409 COMMUNITY INFRASTRUCTURE LEVY 15:7:13
That this House notes that the adoption of the community infrastructure levy will change the way that local authorities in England and Wales charge money on new development; understands that the sum of the charge based on size and type of the new development will vary between local authorities; expresses concern that the levy will advantage larger developers to the detriment of local builders; and calls on the Government to reconsider its approach to self-builders and to consider implementing levies covering local enterprise partnerships to avoid the situation of local authorities competing against each other to attract developments.
410 TRAVEL TO SAUDI ARABIA 15:7:13
That this House notes with deep concern the decision by the government of Saudi Arabia to limit the number of British Muslims who can travel to Mecca for Hajj and Umrah; further notes that the limit amounts to a cut of 20 per cent and that many British citizens are being forced to cancel often costly travel plans as a result; and calls on the Foreign and Commonwealth Office to intervene on behalf of British Muslims in their efforts to get refunds and compensation from tour operators and the Saudi authorities.
411 WASTE WOOD RECYCLING IN RHYL 15:7:13
That this House praises the generosity of Inwood Cymru, Cefndy Road, Rhyl which donates high quality wood offcuts to local schools and colleges for use in creating wooden products; notes that this is a far more sustainable, economic and socially productive way of disposing of waste wood products; and calls on all businesses dealing with wood and wood products to follow this example.
412 DANGEROUS DOGS 15:7:13
That this House is deeply concerned that dog attacks killed 14 people between 2005 and February 2013, including eight children; welcomes the Government's commitments to introduce universal microchipping and extend the law governing dangerous dogs to cover private property and its increasing emphasis on deed not breed; further welcomes the commitment to introduce measures to tackle irresponsible dog ownership before dogs cause harm; urges the Government to go further and tackle the root problem of abandonment; and calls for urgent measures to review dog breeding legislation to address unlicensed breeders and introduce regulations for the advertising and selling of pets.
413 KNOWLEDGE ECONOMY 15:7:13
That this House notes with concern that the UK invests 1.4 per cent of gross domestic product (GDP) in higher education, compared with the Organisation for Economic Co-operation and Development average of 1.7 per cent; further notes that public support of further education fell by 5.9 per cent in 2010-11, the last year in which it was reported separately; is concerned that spending on research and development at 1.8 per cent of GDP is also lower than the EU-27 average of 2.0 per cent; is further concerned that the UK has fallen from third among the top industrialised nations in terms of young people graduating in 2000 to 15th in 2013; is aware that the cost of educational under-achievement in the UK is estimated at £22 billion for a generation in opportunity costs and costs to the public purse; is further aware that countries like Germany, India and China have prioritised investment in education in response to the economic crisis; believes that access to high quality tertiary education provides enhanced life chances for individuals, significant benefits for society and is essential for the UK's long-term economic sustainability; and calls on the Government to recognise these benefits and commit the UK to funding tertiary education at a level that can close the international competitive gap in investment with other countries and enable the UK to compete on an equal footing.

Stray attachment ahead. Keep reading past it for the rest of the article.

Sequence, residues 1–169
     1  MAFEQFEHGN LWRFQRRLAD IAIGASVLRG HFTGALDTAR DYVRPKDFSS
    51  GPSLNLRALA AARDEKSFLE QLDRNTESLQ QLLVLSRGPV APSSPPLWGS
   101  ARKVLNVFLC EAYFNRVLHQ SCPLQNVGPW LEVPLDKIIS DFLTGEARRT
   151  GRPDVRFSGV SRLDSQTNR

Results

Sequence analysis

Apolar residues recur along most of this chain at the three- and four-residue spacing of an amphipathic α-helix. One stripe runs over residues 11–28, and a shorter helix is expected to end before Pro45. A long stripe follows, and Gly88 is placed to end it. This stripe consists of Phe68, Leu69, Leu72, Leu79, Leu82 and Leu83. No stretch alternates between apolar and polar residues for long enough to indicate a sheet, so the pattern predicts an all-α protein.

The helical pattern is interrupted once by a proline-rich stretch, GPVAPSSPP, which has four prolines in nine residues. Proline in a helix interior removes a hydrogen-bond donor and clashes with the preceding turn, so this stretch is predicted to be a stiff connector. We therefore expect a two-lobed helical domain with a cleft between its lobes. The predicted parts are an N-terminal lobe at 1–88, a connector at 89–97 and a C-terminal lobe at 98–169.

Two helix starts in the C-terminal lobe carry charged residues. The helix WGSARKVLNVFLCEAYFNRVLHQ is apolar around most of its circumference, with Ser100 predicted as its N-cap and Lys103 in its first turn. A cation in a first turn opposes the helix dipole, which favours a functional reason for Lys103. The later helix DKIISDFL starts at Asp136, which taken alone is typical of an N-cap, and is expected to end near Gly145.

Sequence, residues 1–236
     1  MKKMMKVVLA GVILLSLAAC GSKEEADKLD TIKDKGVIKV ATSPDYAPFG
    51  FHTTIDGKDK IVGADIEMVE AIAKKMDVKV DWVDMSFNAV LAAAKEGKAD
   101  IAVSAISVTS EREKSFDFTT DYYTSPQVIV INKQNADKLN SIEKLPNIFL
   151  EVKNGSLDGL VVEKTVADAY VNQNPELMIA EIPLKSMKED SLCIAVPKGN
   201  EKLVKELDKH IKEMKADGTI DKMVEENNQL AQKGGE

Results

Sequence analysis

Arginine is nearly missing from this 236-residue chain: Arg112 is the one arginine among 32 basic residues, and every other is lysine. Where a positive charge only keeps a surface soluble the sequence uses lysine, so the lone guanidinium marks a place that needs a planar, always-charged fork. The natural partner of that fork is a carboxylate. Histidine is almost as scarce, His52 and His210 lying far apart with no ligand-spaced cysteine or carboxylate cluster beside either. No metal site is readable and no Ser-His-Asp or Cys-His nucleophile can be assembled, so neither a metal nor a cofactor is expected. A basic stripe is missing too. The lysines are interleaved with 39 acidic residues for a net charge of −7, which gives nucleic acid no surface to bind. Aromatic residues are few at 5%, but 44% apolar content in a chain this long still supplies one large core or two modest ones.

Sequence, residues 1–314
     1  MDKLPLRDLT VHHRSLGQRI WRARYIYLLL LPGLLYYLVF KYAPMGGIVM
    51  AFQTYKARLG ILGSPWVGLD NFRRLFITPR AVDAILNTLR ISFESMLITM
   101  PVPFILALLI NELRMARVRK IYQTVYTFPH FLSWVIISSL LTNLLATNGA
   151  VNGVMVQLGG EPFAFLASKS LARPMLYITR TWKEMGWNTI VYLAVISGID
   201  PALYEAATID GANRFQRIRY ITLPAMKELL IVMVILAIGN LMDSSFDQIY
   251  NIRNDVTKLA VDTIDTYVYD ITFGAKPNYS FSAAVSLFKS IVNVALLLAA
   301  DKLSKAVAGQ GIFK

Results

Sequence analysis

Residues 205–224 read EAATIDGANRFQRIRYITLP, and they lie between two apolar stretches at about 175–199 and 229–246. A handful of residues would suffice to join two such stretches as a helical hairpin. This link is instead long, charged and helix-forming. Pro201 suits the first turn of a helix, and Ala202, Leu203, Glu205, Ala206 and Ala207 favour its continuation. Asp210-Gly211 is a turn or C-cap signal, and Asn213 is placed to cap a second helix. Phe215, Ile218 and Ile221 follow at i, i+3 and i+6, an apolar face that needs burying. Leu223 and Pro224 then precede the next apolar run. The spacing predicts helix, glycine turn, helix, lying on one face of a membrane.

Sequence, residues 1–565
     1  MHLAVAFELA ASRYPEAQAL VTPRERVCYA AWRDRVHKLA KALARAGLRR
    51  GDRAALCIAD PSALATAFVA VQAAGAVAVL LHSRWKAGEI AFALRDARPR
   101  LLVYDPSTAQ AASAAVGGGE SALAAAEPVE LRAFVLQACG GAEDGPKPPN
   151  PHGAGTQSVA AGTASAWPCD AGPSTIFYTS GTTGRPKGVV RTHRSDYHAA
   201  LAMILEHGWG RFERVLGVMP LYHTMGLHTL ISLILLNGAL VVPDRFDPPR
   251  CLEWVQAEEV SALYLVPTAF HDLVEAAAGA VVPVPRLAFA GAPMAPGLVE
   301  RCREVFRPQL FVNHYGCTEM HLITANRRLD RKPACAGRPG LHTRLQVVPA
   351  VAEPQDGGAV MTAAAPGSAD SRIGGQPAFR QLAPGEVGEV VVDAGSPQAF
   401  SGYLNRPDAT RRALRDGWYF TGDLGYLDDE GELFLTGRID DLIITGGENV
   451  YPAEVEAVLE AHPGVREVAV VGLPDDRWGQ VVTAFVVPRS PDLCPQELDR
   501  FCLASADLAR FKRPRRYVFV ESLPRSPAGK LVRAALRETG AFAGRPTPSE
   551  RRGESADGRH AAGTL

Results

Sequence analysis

414 MAXIMUM WORKING TEMPERATURE 15:7:13
That this House notes that whilst there is a legal minimum workplace indoor temperature there is no legal maximum workplace temperature, so that conditions can vary greatly from employer to employer; further notes that whilst Regulation 7 of the Workplace (Health, Safety and Welfare) Regulations 1992 and the associated Approved Code of Practice suggests that the temperature in all workplaces inside buildings shall be reasonable, this guidance leaves considerable uncertainty as to the upper limit beyond which control measures must be in place; understands that employees in a wide range of workplaces - from industrial bakeries to school classrooms - are often subjected to high temperatures which can impact seriously on their health and well-being, with effects ranging from discomfort, stress, irritability and headaches, to extra strain on the heart and lungs, dizziness and fainting and heat cramps due to loss of water and salt; observes that the consequent reduction in cognitive function, attention span and visual motor tracking can contribute to workplace accidents and fatalities; commends the Trades Union Congress for passing a resolution in 2012 adopting a maximum working temperature as its official policy; and therefore urges the Government to resolve uncertainty for employers about their duty to combat excessive heat in the workplace by introducing a maximum working workplace temperature of 30C (86F) and of 27C (81F) for those doing strenuous work.
415 PTSD AND PANORAMA 15:7:13